The Church of Jesus Christ of Latter-day Saints in Wales

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As of January 1, 2011, The Church of Jesus Christ of Latter-day Saints reported 9,343 members in three stakes, 24 congregations (18 wards[1] and six branches[1]), no missions, and no temples in Wales.[2][3]

Wales is served by English temples and English missions.


First issue of the Prophwyd y Jubili by Dan Jones. Carmarthenshire, Wales. July, 1846.

The first missionaries from the Church of Jesus Christ of Latter Day Saints to proselyte in the British Isles arrived in 1837. Beginning in the 1950s emigration to the United States began to be discouraged and local congregations began to proliferate. The church claims just over 186,000 members across the United Kingdom, spread out across over 330 local congregations.

Welsh people were instrumental in setting up choirs in Utah and elsewhere.

Dan Jones

In late 1844, Brigham Young asked Jones to return to Wales as a missionary for the church. Jones and his wife traveled to England with Wilford Woodruff and a number of other persons who had been asked to serve as missionaries in the British Isles. After approximately one year and little success, Jones was asked to preside over the missionary efforts in Wales. At this time, there were just over 200 Latter-day Saints in Wales. Under Jones's leadership, between 1845 and 1848 the missionaries in Wales baptized approximately 3600 persons. In terms of population, one out of every 278 people in Wales at that time was baptized into the LDS Church.[4] When Jones left Wales, there were seventy-two branches of the church and 4645 Latter-day Saints.[5]

In 1846, Jones began to publish a Welsh language periodical for the church entitled Prophwyd y Jubili (Prophet of the Jubilee). It was the first Mormon periodical to be published in a language other than English.[6] In 1847, Jones published the most famous of his many Welsh-language pamphlets and tracts, "Hanes Saint y Dyddiau Diweddaf" ("History of the Latter-day Saints").

Welsh language

The Book of Mormon is currently available in a Welsh language translation.


Table shows LDS membership statistics as of January 1, 2011 for various regions and nations of the UK, along with British Crown Dependencies.[2][not in citation given]

Country Membership Stakes Wards Branches Total Congregations Missions Temples
Wales 9,343 3 18 6 24


The nation of Wales does not have its own mission. Instead it is served by two English missions:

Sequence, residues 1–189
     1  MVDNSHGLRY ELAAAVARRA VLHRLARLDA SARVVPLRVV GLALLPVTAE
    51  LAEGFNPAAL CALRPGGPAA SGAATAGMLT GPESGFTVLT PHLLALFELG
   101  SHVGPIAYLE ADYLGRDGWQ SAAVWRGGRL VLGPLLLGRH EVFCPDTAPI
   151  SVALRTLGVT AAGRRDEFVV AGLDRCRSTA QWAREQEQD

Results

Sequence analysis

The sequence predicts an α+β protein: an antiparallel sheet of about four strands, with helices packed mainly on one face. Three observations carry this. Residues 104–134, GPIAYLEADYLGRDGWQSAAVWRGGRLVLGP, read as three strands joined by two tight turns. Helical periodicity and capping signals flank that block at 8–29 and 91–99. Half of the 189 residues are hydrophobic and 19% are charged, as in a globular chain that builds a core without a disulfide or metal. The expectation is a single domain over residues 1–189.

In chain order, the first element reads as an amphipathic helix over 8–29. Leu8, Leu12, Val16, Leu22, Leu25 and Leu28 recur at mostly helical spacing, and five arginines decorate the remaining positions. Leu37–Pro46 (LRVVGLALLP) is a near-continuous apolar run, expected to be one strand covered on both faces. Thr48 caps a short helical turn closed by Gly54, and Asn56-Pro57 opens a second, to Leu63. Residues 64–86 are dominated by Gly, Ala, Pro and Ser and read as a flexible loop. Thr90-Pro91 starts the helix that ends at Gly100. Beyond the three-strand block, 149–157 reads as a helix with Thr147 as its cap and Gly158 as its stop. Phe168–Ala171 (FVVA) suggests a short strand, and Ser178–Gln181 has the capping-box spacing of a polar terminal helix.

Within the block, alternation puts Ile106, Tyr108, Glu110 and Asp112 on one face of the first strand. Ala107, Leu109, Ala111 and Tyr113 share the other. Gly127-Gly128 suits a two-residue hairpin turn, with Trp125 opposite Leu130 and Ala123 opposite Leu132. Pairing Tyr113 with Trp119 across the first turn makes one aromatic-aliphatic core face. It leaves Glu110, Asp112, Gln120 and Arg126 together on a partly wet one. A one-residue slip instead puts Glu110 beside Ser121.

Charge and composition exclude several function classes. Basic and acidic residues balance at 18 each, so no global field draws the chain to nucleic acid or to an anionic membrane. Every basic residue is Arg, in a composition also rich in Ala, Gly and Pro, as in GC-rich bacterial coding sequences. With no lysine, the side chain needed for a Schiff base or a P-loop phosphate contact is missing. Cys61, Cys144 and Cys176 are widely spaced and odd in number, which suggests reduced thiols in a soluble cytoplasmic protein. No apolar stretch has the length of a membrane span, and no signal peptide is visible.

There are no temples in Wales itself. Instead, Welsh members use either of the two English temples.


12. London England edit


Lingfield, Surrey, United Kingdom
17 February 1955
7 September 1958 by David O. McKay
18 October 1992 by Gordon B. Hinckley
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42,775 sq ft (3,974 m2) and 190 ft (58 m) high on a 32 acre (12.9 ha) site
Modern contemporary, single spire - designed by Edward O. Anderson

The Church of Jesus Christ of Latter-day Saints Preston England Temple.jpg

52. Preston England edit


Chorley, Lancashire, United Kingdom
19 October 1992
7 June 1998 by Gordon B. Hinckley
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69,630 sq ft (6,469 m2) and 159 ft (48 m) high on a 15 acre (6.1 ha) site
Modern, single-spire design - designed by Church A&E Services

Other denominations

The Community of Christ, formerly known as the Reorganized Church of Jesus Christ of Latter Day Saints, is the second largest Latter Day Saint sect. It claims a presence in the British Isles since the mid-19th century[7] but currently it only has churches in England and Wales. It has house churches in Cardiff, Swansea and Llanelli.

Notable Welsh Latter-day Saints

Jessica Garlick, a Welsh Latter-day Saint

Welsh LDS include:

See also


  1. 1.0 1.1 LDS Meetinghouse Locator. Nearby congregations (wards and branches).
  2. 2.0 2.1 "Facts and Statistics: Statistics by Country: United Kingdom", Newsroom, LDS Church, 31 December 2011, retrieved 2012-10-18<templatestyles src="Module:Citation/CS1/styles.css"></templatestyles>
  3. "Country information: United Kingdom", Church News Online Almanac, Deseret News, February 1, 2010, retrieved 2012-10-18<templatestyles src="Module:Citation/CS1/styles.css"></templatestyles>
  4. Gordon B. Hinckley, “The Thing of Most Worth”, Ensign, September 1993, p. 2.
  5. Rex LeRoy Christensen, “I Have a Question: I've heard that a Dan Jones was one of the most successful missionaries of the early church. Can you tell me more about him?” Ensign, March 1982, p. 19.
  6. Rex LeRoy Christensen, “The Life and Contributions of Captain Dan Jones,” Master’s thesis, Utah State University, 1977, p. 24.

External links